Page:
Today, 30 July, is the birth anniversary of Tulsidas, the great Saint poet of India.
Written in Awadhi, in the 16th century, Tulsidas’ Ram Charita Maanas is considered the ‘bible of the Indo-Gangetic belt’, the heartland of India.
Ram Charit Manas is considered by national and International scholars as one of the greatest pieces of literature ever written in the world.
Tulsidas was a contemporary of Mughal emperor Akbar. But Hindutva forces have generally pitted Tulsidas against Akbar. The reason is that Akbar with his liberal, tolerant and eclectic policies, disturbs the false Sangh narrative of clubbing Mughals and British and talking of 1000 years of ‘Ghulami (slavery)’ of India.
Mughals were Indian Proto-nationalists and circulated India’s wealth within the country, taking India’s GDP to 20% and India’s share in International trade to 22%.
Since the the majority of India’s population was Hindu, Mughal rule, as chronicled in the records of Jat Khaps, Jain literature, Brahmin texts, Christian travelogues, and the account books of big trading families of Rajasthan (Marwaris), Gujarat (Baniyas and Vohras), Bengal and the present-day Uttar Pradesh area, brought peace, security and untold prosperity to the people.
On the other hand, the British de-industrialised India, looted the country’s wealth to finance the English Industrial revolution, brought down India’s share in International trade to 2% and by 1947, India’s growth to negative.
India was on the cusp of its own Industrial revolution in the 18th century. We did not require British intervention to build railways, systems of laws, and all the trappings of ‘modernity’ and democracy. We could have done all this without the trauma of colonialism on our own with healthy results.
In fact, one of the first statements made by UP chief minister, Adityanath Yogi, was regarding Tulsidas and Akbar.
On 25 March, Yogi said in Gorakhpur that Akbar wanted to meet Tulsidas. But the latter rejected the offer, claiming that Ram was the only ‘Emperor’ he recognised. Yogi also called Akbar an invader and anti-Hindu.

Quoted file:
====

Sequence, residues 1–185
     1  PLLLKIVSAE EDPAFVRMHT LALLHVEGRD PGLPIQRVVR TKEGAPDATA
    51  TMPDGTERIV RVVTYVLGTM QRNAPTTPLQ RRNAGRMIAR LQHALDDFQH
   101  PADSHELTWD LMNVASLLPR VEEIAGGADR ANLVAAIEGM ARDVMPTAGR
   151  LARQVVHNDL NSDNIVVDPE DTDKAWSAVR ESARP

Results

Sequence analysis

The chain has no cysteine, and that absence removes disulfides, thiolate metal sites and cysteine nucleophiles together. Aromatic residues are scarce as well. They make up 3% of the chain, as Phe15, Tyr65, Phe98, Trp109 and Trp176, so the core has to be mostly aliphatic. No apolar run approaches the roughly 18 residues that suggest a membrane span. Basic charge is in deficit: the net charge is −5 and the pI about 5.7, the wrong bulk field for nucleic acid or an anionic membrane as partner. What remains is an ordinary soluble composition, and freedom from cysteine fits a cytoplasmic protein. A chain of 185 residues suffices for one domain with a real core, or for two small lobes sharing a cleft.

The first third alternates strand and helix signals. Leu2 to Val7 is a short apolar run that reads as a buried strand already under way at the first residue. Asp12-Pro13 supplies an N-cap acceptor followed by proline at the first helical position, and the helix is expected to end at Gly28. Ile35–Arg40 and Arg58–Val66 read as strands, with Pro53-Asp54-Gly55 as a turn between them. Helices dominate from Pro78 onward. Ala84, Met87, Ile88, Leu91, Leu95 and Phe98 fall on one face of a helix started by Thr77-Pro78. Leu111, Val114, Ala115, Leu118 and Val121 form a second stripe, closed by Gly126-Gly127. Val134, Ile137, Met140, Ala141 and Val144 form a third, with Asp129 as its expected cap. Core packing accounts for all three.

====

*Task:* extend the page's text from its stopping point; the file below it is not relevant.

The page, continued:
Otherwise also, members of Sangh are known to circulate false myths about Akbar imprisoning Tulsidas and what not.
Dr. Ishwari Prasad, the famous historian of the pre-Independence ‘Allahabad school of Indian history’–a school that demolished the pro-colonial, anti-Mughal ‘Bengal school of history’–wrote in his book on the ‘Muslim phase’ of Indian history that Akbar never imprisoned Tulsidas.
For some reason, in contrast to Dr. RP Tripathi, Dr. Tarachand, and Dr. Satish Chandra, the other doyens of the Allahabad school, Sangh hold Dr. Ishwari Prasad in high regard.
But Dr. Prasad rejected the Sangh theory outright.
What Yogi said was humbug
There is evidence that Tulsidas not only met Akbar in Kashi but that through, Abdur Rahim Khanekhana, a Bhakti poet who wrote about Krishna like Tulsidas wrote about Ram, Akbar protected Tulsidas from the wrath of Sankritised scholars.
Tulsidas completed Ram Charit Manas in Kashi. Orthodox forces were outraged by Tulsidas’ attempts to retell and redefine Ram’s tale, written originally by Valmiki in Sanskrit, in Awadhi, the language of the common folk. They tried to even humiliate Tulsidas while also making several attempts to even kill him.
Tulsidas was so annoyed by these attacks that he wrote:
धूत कहौ, अवधूत कहौ, रजपूत कहौ, जोलहा कहौ कोऊ ।
काहूकी बेटीसो बेटा न ब्याहब, काहूकी जाति बिगार न सोऊ॥
तुलसी सरनाम गुलामु है रामको, जाको रुचै सो कहै कछु ओऊ।
माँगि कै खैबौ, मसीतको सोइबो, लैबोको एकु न दैबेको दोऊ॥
“Call me cunning or a heretic; call me Rajput or a weaver; I don’t have to marry my son to someone’s daughter; nor do I want to be in contact with someone whose caste I might pollute; say what you want, Tulsidas is a slave of Ram; I will beg for alms to eat and sleep in a mosque; I don’t have to take or give anyone a farthing.”